For me, the implications and stakes of this planned new work emerge at the level of object, production, and form. At the level of object, the project’s unrelenting reference to a central structuring absence within the artwork resonates with questions across several disciplines: the post-Kantian “object” within contemporary continental philosophy (speculative realism or object-oriented ontology), the structure of the Unconscious in psychoanalytic thought, and the theory of “commodity fetishism” in Marxian discourse. At the level of production, the Lost Grids respond to widespread assumptions about the expediency and corrective power of digital technology. The project’s ostensibly counter-productive use of technology aims to foreground a question of work, implicitly and explicitly creating associations with positivist or functionalist notions of working systems, the political-economic sense of labor, the psychoanalytic concept of dream-work, and the artistic sense of the work of art. At the level of form, the project endeavors to reflect on the Western tradition of the visual grid. This art-historical trajectory spans the two dominant functions of the grid in Western art, ranging from the utility of the Renaissance “perspective machine” – a grid-shaped apparatus deployed as an aid for the proper geometrical rendering of three-dimensional space – to the emergence of the grid as visual subject matter in the flat, abstract gridded canvases of modern and contemporary art. In contrast to art theorist Rosalind Krauss, who has famously argued for an oppositional politics between these two uses of the grid, I am interested in conceptualizing the continuity of the two aesthetics in relation to the additional status of the pixel grid that undergirds all digital imagery.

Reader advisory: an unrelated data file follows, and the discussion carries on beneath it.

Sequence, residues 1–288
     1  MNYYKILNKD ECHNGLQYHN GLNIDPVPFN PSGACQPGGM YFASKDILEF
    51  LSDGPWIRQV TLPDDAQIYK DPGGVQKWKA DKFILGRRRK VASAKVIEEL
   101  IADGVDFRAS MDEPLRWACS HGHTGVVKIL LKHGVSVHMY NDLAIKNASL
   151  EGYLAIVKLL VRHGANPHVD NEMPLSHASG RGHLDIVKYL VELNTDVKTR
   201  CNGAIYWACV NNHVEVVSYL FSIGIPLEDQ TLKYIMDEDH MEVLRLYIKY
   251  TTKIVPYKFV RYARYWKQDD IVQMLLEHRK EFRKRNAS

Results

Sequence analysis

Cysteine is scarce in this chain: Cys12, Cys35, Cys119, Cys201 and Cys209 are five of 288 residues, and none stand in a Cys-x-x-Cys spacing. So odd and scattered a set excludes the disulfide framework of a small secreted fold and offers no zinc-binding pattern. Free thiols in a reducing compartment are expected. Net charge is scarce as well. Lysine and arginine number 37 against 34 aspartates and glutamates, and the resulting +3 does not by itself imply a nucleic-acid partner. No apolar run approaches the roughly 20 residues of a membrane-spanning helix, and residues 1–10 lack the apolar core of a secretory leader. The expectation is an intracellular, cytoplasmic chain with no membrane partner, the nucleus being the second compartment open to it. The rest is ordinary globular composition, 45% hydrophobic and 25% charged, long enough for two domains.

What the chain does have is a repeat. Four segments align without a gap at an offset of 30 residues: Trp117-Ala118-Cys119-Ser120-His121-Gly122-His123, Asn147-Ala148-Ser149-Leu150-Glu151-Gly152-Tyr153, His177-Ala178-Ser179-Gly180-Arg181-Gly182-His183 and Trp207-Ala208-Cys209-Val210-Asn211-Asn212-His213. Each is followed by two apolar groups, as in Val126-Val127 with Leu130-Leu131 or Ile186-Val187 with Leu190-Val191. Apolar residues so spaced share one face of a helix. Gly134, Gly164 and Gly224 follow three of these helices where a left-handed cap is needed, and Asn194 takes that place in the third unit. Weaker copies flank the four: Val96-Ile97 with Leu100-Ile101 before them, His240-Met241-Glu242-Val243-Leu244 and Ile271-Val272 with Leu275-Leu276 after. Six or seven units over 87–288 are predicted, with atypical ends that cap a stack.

To offer a sense of the work in progress, here are two pieces under development:
John Mayall’s widely published photographic portrait of Karl Marx will provide the base image for producing this grid print through the process of poetic hacking. If the public – at least the general U.S. public – knows anything about Marx beyond the fact that he was one of the authors of The Communist Manifesto it is (thanks to the Mayall portrait) that the man had a beard. My interest in this iconic photograph is the cultural status of Marx’s beard as an inverted form of the commodity fetish. In the extensively cited section of Capital, “The Fetishism of Commodities,” Marx articulates a two-fold insight into the character of the commodity: the commodity’s form elicits fascination from its beholder while at the same time materially repressing the conditions of labor that produce the object. The spectacle of this iconic facial hair might be said to symbolize the very separation between Marx’s writings and the contemporary moment; crudely put, the iconicity of the photograph signals a preference for seeing the recognizable, impenetrable beard of a by-gone radical over grappling with the labor (and potential contemporary relevance) of that radical’s intellectual work.